New answers tagged vocal-range
This is absolutely normal, and nothing to worry about—you're just discovering your break. Although the pitch location varies from person to person, everyone has a point at which they have to shift from one vocal production style to another. Different terms are used, and you should go with what your teacher uses, but this is often called the shift ...
First, a disclaimer: Labeling a voice type isn't something that is merely based on range - it's as much an issue of quality and agility (though admittedly less-so for male voices). Beyond that, you're an untrained singer. With training, not only would the extremes of your range likely extend, but the relative ease of singing in certain tessituras would be ...
Try singing to the actual song on YouTube when you're beginning then try alone. It helps rather than singing acapella from the start. But seriously, you DO need to warm up, your voice will sound croaky otherwise.
There is always the question what you are expecting to do with an extended range. I can produce sound over about 4 octaves, but people would not be interested in hearing more than about 3 of those (when I transitioned from tenor to alto/bass, I had choir concerts where I had to change my place between tenor for the old repertoire, alto for baroque and ...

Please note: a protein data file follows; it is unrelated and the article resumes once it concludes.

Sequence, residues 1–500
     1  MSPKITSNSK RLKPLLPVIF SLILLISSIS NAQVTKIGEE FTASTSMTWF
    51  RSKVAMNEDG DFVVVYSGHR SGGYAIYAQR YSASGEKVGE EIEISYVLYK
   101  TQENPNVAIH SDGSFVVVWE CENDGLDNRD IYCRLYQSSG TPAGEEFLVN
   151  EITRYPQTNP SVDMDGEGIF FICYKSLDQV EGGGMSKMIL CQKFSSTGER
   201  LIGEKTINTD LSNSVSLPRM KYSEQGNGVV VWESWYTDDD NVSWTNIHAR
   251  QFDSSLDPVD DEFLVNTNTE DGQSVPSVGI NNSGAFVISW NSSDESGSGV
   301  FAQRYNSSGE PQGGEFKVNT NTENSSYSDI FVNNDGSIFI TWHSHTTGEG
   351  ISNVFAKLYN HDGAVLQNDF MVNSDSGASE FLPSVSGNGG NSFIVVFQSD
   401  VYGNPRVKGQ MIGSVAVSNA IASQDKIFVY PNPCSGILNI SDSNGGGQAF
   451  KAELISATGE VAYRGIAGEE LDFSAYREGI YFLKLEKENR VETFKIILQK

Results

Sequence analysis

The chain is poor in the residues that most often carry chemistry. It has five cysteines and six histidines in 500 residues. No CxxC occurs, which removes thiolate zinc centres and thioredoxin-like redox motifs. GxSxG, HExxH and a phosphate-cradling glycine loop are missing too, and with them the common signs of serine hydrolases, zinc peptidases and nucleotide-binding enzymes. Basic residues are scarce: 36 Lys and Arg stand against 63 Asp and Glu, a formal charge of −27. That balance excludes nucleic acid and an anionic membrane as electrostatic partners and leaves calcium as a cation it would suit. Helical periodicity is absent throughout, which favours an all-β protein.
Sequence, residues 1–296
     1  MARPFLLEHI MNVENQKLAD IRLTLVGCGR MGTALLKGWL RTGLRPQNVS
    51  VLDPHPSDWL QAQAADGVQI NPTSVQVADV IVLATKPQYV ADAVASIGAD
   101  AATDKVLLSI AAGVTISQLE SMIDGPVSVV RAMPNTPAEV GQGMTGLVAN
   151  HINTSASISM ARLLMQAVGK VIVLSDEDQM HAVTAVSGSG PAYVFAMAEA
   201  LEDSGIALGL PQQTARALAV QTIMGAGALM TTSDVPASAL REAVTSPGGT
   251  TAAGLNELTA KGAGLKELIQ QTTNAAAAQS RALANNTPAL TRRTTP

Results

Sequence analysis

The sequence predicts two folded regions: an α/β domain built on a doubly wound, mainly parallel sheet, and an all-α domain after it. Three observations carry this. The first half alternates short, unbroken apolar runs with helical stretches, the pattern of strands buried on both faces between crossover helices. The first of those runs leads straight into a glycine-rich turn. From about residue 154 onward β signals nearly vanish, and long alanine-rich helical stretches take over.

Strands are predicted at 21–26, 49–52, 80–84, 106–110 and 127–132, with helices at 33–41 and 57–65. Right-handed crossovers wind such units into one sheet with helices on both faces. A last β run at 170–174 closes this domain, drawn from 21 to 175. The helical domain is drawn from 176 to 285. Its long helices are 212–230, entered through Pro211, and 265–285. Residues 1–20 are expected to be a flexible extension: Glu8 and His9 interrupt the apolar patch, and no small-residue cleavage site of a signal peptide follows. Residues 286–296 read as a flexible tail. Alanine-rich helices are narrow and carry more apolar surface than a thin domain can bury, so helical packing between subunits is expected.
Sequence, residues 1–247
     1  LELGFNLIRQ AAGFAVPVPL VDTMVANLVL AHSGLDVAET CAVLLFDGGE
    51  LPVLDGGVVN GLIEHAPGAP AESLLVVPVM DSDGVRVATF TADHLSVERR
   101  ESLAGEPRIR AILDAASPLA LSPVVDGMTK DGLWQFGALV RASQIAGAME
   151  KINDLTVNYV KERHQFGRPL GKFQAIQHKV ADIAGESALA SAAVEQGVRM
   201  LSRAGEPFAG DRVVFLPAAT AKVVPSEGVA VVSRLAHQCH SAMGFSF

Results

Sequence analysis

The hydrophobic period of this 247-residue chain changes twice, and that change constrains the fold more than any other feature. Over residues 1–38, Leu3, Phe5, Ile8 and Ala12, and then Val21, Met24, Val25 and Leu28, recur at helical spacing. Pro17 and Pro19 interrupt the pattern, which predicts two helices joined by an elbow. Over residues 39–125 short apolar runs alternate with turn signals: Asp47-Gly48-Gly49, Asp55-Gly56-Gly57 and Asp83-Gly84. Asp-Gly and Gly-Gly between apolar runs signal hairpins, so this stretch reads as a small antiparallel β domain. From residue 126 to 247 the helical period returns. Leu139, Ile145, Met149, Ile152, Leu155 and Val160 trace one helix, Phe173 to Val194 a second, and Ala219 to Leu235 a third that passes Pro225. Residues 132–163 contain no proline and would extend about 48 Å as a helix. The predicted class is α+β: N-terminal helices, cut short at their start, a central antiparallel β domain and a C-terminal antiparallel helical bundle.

I've been singing for 7 years, and I think that anyone can definitely learn to sing higher. Obviously everyone has a maximum range, so there will come a point where you can't sing a higher note without losing tonality and possibly hurting yourself. I do not know why anyone would advise avoiding falsetto. Falsetto is an excellent technique that can not only ...
There's a lot of people that seem to tell you that you're not built to sing high but that's not exactly the truth. When i first went through puberty around 12 i couldn't sing middle c either but as i got vocal training i can now sing up to an A and feel no strain. It's a matter of how to learn to use your upper register.
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